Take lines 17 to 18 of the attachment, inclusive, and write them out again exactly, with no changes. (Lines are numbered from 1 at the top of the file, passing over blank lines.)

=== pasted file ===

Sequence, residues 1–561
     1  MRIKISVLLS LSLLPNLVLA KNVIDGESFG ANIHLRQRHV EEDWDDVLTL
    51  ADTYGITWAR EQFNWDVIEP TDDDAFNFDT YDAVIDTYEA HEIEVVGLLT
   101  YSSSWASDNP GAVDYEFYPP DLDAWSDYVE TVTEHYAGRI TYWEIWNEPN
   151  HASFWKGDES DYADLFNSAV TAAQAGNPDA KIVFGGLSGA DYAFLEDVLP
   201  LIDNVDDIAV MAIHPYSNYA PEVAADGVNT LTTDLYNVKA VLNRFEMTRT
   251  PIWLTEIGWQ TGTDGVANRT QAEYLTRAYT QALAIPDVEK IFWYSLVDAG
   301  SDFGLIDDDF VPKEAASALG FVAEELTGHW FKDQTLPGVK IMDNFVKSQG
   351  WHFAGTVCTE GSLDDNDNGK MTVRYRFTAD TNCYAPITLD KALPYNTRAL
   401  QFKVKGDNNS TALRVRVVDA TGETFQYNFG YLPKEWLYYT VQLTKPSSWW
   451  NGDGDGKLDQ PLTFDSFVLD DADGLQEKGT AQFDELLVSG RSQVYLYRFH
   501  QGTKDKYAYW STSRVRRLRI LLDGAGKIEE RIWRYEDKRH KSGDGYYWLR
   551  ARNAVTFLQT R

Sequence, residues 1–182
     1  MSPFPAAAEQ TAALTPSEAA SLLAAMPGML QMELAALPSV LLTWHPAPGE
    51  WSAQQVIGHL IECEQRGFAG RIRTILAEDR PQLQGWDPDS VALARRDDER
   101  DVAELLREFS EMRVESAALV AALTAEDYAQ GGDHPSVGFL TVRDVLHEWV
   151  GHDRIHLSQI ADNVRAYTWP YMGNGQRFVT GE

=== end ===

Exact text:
   101  DVAELLREFS EMRVESAALV AALTAEDYAQ GGDHPSVGFL TVRDVLHEWV
   151  GHDRIHLSQI ADNVRAYTWP YMGNGQRFVT GE